Bill Koenigsberg, president and CEO of Horizon Media, couldn’t get a job at one of the big name Madison Avenue agencies, so he built his own. Now with $4.7 billion in billings, Koenigsberg’s Horizon is the world’s largest independent media services company and he is the first executive from the media side to be chairman of the American Association of Advertising Agencies.
“It’s so obvious when you walk into the agency it’s got Bill’s DNA running through it,” says Jo Ann Ross, president of ad sales at CBS. “He’s one of the nicest, most direct, most honest guys in the business. He’s so vested in his employees and his clients. He’s the whole package.”
Growing up in New York and on Long Island, Koenigsberg was a self-described TV junkie fascinated by commercials. “I’m one of the few people who knew growing up that he wanted to be in advertising,” he says.
While playing tennis at the University of Miami, he interned at agencies. But Florida was not the advertising capital of the world, so when he finished school, he returned to New York. On Mondays he’d drop off resumes at agencies. On Tuesdays he’d follow up with phone calls. On Wednesdays, more resumes went out. “Not knowing a soul anywhere it was tough to get in,” he recalls.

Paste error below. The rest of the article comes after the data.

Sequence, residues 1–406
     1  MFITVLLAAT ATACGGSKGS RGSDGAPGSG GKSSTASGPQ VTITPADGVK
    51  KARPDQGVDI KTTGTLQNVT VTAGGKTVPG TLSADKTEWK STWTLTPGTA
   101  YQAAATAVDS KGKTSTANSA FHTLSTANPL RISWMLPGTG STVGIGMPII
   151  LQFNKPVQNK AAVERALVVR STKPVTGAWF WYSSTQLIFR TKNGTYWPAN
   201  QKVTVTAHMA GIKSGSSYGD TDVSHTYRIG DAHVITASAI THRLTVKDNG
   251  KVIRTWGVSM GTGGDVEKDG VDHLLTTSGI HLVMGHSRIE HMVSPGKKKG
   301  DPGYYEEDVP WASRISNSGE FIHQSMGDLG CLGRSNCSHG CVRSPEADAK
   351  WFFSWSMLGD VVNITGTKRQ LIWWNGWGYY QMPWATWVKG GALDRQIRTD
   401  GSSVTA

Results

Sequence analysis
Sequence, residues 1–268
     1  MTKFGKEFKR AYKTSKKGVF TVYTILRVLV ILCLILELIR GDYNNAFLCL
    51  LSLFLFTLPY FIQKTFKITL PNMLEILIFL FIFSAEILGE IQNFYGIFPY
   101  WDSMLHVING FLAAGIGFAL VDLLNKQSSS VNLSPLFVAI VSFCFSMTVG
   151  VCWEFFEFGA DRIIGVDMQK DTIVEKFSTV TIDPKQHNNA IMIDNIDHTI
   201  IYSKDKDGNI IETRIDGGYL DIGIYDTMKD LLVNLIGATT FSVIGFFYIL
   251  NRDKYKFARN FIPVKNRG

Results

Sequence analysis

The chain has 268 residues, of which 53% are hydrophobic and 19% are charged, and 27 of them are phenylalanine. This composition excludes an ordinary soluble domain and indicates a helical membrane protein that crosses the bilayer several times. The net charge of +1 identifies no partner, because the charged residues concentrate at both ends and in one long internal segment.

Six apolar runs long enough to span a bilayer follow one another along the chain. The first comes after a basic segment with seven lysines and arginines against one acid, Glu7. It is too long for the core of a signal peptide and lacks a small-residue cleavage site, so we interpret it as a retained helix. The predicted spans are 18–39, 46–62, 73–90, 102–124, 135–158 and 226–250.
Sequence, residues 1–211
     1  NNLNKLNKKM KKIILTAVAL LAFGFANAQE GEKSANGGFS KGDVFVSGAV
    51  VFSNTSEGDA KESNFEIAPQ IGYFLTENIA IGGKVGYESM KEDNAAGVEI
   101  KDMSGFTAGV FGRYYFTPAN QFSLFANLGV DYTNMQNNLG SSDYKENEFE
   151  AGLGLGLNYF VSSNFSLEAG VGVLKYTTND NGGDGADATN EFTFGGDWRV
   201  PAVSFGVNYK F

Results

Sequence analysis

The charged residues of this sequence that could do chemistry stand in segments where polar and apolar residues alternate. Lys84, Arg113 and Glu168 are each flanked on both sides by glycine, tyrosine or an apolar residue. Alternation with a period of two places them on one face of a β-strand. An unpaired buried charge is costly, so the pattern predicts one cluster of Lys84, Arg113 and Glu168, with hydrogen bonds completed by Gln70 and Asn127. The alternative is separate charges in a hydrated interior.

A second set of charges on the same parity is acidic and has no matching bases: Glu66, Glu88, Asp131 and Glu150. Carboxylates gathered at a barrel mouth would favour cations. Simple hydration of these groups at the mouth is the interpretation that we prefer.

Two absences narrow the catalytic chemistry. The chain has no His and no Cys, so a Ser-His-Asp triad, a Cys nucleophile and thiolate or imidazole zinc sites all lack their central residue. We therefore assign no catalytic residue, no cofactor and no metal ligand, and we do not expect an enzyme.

Koenigsberg landed a job with one of the early small media agencies and planned to leave after getting a year’s worth of experience. He stayed seven years, became a manager, but left after the company reneged on the promise of a company car.
He wound up at the fledgling media buying division of Media General. When Media General sold some assets, Koenigsberg borrowed $14 million and bought the buying division himself to start Horizon.
After a shaky start, the agency attracted key clients such as GEICO. “He’s a smart, relentless supporter of the brands he represents,” says Ted Ward, VP of marketing at GEICO. “He’s a real creative thinker as to how to take what might initially be viewed as a traditional media buy and work it so that his folks bring us a more integrated product,” he says, pointing to sponsorships of History channel shows that included spots with Vikings and Houdini themes.